Joel McHale, the snarky star of Community (2009), ridicules the silliest moments reality television, internet videos and TV from around the world have to offer. Each episode also features celebrity guests and a couple of sketches.
Eddie Murphy portrays real-life legend Rudy Ray Moore, a comedy and rap pioneer who proved naysayers wrong when his hilarious, obscene, kung-fu fighting alter ego, Dolemite, became a 1970s Blaxploitation phenomenon.
When a depressed woman is burgled, she finds a new sense of purpose by tracking down the thieves alongside her obnoxious neighbour. But they soon find themselves dangerously out of their depth against a pack of degenerate criminals.
Marilyn Faith Hickey
An old version of humorist Douglas Kenney tells the story of how he and Henry Beard parleyed their success in their campus magazine, Harvard Lampoon, into the commercial magazine, National Lampoon. Drawing upon their checkered lives and an aggressively puckish sense of humor, the pair created a publication that would redefine American comedy with outrageous drollery that grabbed the zeitgeist of the decade that expanded across various media. Unfortunately, for all his success, Doug Kenney with his overhanging insecurities, ego and irresponsible appetites began to consume him until he alienates everyone who ever cared and supported him even as they imitated him. In the end, this iconoclastic funnyman would come to a tragedy that comes when your comedy doesn't have enough distance.Written by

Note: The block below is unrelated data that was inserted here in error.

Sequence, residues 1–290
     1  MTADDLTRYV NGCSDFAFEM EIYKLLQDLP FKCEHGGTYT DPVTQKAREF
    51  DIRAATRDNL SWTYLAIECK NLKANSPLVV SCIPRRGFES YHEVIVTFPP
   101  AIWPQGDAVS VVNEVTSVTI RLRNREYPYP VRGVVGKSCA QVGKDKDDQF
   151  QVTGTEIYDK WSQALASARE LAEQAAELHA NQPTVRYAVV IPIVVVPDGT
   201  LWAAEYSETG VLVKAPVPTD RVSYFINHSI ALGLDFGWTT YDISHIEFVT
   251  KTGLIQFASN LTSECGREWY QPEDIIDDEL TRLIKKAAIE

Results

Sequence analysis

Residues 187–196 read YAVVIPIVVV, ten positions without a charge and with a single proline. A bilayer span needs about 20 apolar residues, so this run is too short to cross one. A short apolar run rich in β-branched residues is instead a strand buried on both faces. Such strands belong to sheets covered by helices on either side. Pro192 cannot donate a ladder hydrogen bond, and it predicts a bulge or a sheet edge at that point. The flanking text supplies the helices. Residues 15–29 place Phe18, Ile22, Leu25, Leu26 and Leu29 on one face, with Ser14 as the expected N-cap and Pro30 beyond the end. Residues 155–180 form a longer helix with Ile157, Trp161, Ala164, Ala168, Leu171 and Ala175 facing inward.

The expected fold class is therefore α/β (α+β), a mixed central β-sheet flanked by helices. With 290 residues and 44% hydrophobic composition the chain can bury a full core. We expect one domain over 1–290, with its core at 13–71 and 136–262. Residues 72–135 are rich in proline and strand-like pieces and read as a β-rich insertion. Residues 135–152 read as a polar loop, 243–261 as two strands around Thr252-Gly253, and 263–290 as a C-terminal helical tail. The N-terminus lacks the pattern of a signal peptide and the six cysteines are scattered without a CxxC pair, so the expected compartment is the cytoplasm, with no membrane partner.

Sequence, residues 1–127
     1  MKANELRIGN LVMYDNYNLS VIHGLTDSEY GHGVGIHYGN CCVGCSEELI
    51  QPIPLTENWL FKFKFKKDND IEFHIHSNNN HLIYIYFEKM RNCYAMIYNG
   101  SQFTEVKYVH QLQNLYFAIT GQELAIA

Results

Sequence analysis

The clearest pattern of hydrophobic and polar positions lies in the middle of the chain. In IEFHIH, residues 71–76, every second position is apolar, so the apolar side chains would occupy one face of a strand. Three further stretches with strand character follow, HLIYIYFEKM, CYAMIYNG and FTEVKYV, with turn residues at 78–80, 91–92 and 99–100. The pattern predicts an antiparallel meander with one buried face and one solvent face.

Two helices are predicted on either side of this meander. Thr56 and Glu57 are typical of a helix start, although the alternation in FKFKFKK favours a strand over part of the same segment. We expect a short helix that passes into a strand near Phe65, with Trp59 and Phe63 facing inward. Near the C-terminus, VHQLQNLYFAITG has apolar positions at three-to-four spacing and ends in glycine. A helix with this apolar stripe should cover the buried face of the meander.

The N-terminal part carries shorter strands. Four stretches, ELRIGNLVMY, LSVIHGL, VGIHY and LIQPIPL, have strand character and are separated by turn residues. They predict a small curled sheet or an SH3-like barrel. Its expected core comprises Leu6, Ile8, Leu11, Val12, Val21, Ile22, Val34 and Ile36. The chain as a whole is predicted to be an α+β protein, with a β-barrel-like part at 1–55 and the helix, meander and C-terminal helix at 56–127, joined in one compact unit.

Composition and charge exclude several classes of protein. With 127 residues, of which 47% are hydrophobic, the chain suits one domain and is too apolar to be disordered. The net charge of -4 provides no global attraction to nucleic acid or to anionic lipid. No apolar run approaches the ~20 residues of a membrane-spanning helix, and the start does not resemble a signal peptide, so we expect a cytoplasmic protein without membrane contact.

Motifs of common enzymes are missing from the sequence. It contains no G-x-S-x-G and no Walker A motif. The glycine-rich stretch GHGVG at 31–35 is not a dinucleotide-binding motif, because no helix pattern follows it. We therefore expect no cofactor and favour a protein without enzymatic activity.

Kenneth Chisholm (email@example.com)
When Doug and PJ are researching old high school yearbooks Doug spots one picture where the name is "Lawrence 'Larry' Kroger" which is the real name of 'Pinto' in National Lampoon's Animal House (1978). See more »
The man pushing the rotary lawn mower in the opening scene is pushing the mower backwards. See more »
Mr. Kenney, it's a fine line between being clever and offensive, isn't it?
Look, if I could just say something in defense of National Lampoon for one moment...
We come from a tradition of truth-tellers. A long time ago, there was someone else society found offensive. They thought that what he did was radical - dangerous. They persecuted him... and eventually killed him. Of course, I'm referring to Dracula.
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After the end credits have rolled, Martin Mull is shown singing the song "Time of My Life" with members of the cast. See more »
It's weird watching this immediately after Drunk Stoned Stupid Dead (Im also reading the Making of Caddyshack, which is basically about the making of National Lampoon) and....
Joel McHale as Chevy is inspired casting. A lot of the casting is - Will Forte and Domnhall Gleeson at the top and their scenes in the first half of the film making up the real heart of the thing (like Social Network but totally wiseass, which is fun).
But that framing device is just pure WTF, and it ends on a note that maybe Kenney would have appreciated if he were alive, but he's not and we are and it feels so... I dunno. It's also strange to be living in 2018 and (as David Erhlich pointed out, im sure he wasnt alone) have a straight-faced take on the "wrong kid died" cliche that was mocked ten years ago in Walk Hard. Sure it did happen here, but Wain's treatment doesnt skirt the cliche, it just is one.
There are enough fun bits here to make it watchable (grading sort of on a Netflix curve), and the actors are all trying their best. And... It's fine. Which is not the kind of praise Kenney would've wanted.
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